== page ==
Here are three statlines of note:

  1. 100 starts, 557 strikeouts, 565.1 IP, 30-37, 4.23 ERA
  2. 100 starts, 592 strikeouts, 621.1 IP, 38-34, 3.97 ERA
  3. 100 starts, 766 strikeouts, 682.2 IP, 46-30, 2.81 ERA

You may have guessed that since I am making a point, that last line is Chris Sale, and you would be right.  The second line is Randy Johnson, and the top line belongs to none other than Sandy Koufax.  It is a little difficult to compare across eras, and like stocks, past pitching stats are no indicator of future performance.  Still, those are damn fine numbers compared to not just a couple of Hall of Fame pitchers, but two of the immortal pitchers in baseball history.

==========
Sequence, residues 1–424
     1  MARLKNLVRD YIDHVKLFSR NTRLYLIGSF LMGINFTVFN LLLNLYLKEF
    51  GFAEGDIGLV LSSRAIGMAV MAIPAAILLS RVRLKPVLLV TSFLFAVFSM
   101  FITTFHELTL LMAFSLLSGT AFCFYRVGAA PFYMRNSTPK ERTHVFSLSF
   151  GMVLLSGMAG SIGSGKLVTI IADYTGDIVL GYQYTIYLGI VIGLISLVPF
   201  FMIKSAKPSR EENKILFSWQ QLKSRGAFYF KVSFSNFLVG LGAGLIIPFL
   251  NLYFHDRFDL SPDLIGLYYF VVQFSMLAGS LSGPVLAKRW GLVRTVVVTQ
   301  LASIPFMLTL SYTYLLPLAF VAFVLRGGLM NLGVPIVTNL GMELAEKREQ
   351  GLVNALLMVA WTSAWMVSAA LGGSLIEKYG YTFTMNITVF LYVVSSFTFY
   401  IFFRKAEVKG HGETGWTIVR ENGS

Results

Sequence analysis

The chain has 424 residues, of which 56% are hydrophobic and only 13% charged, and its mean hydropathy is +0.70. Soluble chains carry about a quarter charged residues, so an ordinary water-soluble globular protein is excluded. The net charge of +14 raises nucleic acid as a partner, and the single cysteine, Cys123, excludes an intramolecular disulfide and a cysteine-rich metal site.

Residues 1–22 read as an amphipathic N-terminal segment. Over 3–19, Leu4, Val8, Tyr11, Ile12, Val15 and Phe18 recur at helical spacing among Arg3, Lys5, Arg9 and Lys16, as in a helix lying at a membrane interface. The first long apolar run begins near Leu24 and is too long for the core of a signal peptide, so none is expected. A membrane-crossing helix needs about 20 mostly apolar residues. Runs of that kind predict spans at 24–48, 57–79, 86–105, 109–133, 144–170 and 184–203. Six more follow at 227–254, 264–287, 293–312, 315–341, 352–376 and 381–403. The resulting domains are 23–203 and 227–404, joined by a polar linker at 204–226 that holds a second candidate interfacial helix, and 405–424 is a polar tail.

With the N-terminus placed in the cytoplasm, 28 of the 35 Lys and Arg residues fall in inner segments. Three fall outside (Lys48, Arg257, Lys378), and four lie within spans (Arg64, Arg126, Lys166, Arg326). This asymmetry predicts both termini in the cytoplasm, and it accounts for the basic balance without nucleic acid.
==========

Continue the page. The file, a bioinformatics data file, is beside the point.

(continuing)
Another interesting stat is that Sale is really hear to baffle hitters.  That is, his stuff must look very hittable, but the hitters have a hard time touching it.  From May 23 to June 30, here are the top pitchers in baseball in terms of number of swings-and-a-miss strikes they have thrown:

Cole Hammels:  99

Rubby de La Rosa:  102

Clayton Kershaw:  109


Chris Sale:  171!


This is an enormous statistical difference, and for those not in the baseball orbit, Kershaw has won three of the last four NL Cy Young Awards, including the last two in a row, and is the defending NL MVP.  While he is not enjoying the overwhelming success he has had the past few years, he is, as of today, still leading the NL in strikeouts.